NATS has an annual social research programme which includes asking the public, MPs and businesses for their views on a broad range of aviation issues. Our most recent public opinion tracking survey, run with Savanta ComRes (a leading research consultancy), provided us with a strong indication on the things that matter most to people around […]
Every Armistice Day and Remembrance Sunday, air traffic controllers across the country play their part in the national commemoration by ensuring the two minutes of silence is as complete as possible.
NATS hobbyist drone user, Krishan Singhal, has completed our new online hobbyist drone course – we asked him to share his first impressions:
We’ve been working with European partners on several solutions to increase airspace capacity and cost efficiency; improve safety and predictability and provide greater fuel efficiency and environmental sustainability. We are testing a new systemised airspace management tool (SYSMAN) and how it interacts with queue management systems especially Arrival Manager (AMAN), and Airport Demand Capacity Balancing (Airport-DCB).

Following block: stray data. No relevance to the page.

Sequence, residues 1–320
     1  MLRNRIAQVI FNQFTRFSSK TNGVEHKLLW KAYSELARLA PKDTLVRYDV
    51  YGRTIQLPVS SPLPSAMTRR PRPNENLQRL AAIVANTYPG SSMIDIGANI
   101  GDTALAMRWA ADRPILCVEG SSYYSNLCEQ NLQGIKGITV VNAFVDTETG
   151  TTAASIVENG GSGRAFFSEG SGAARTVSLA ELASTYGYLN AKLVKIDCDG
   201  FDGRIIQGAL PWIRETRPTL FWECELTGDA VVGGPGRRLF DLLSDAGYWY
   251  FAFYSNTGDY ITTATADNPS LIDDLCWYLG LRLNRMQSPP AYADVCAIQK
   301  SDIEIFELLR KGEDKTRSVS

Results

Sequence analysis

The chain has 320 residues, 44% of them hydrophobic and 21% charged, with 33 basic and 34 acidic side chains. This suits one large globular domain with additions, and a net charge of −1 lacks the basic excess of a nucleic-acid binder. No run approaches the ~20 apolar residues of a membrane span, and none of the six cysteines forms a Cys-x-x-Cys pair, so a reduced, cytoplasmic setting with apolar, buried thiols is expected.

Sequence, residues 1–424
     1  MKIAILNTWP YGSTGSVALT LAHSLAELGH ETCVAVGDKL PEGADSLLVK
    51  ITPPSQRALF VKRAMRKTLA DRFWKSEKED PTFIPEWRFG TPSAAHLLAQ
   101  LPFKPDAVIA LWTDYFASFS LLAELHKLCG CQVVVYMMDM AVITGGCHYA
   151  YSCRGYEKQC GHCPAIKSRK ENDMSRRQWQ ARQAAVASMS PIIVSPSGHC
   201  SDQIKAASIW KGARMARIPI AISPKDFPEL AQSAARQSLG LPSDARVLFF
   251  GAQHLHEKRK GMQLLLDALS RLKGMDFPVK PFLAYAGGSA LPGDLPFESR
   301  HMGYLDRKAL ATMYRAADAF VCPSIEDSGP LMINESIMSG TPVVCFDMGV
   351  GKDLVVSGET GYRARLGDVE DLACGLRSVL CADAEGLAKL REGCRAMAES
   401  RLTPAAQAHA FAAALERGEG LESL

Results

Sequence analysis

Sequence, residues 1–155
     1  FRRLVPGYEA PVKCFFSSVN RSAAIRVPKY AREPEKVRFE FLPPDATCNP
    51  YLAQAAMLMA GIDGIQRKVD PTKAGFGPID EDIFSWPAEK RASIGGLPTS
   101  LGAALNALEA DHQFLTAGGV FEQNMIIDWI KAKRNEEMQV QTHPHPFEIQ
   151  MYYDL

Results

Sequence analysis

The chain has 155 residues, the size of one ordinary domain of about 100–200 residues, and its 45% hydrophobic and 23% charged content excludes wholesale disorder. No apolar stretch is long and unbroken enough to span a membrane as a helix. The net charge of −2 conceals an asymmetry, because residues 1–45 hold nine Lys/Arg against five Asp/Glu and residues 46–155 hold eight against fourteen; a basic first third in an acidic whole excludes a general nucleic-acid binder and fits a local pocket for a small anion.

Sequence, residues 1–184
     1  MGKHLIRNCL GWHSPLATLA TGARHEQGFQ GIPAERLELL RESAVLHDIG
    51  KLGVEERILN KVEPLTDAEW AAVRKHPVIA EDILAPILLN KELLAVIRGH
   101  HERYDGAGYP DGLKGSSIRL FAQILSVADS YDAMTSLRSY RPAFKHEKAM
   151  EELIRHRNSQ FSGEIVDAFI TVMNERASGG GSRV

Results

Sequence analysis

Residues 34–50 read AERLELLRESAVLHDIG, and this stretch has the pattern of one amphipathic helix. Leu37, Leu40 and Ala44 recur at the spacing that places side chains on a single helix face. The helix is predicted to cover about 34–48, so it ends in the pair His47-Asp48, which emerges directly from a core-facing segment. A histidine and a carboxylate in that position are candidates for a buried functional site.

From 28 March to the 31 August over 4,400 more flights were assigned their requested level when compared to 2018, meaning our trial performance is already indicating noteworthy fuel burn and environmental improvements.
We’ve come a long way since the days when our main association with wind farm developers was to object to their developments because of the impact they had on our radar navigation and communications infrastructure.
The summer of 2019 has been record breaking across the European aviation network with a record 37,228 flights handled on 28 June. And the European ATM community has been standing shoulder-to-shoulder to deliver efficient and effective air travel during the region’s busiest period.
Since becoming a Public Private Partnership in 2001, all of us at NATS have worked hard to deliver a service that is as safe and efficient as it can be, while reducing costs and offering greater value to our airline customers.
As the demand for air travel continues to rise, those in the aviation industry must work together and develop new technology in order to improve European airspace; meeting people’s desire to fly and at the same time, reducing the impact on our environment.
Yesterday I gave evidence to the Science & Technology Select Committee in Parliament as part of its inquiry into commercial and recreational drone use. Some of my words were inappropriate. I got it wrong. I would like to apologise to any drone pilots, the vast majority of whom are extremely responsible, who have been offended by my remarks.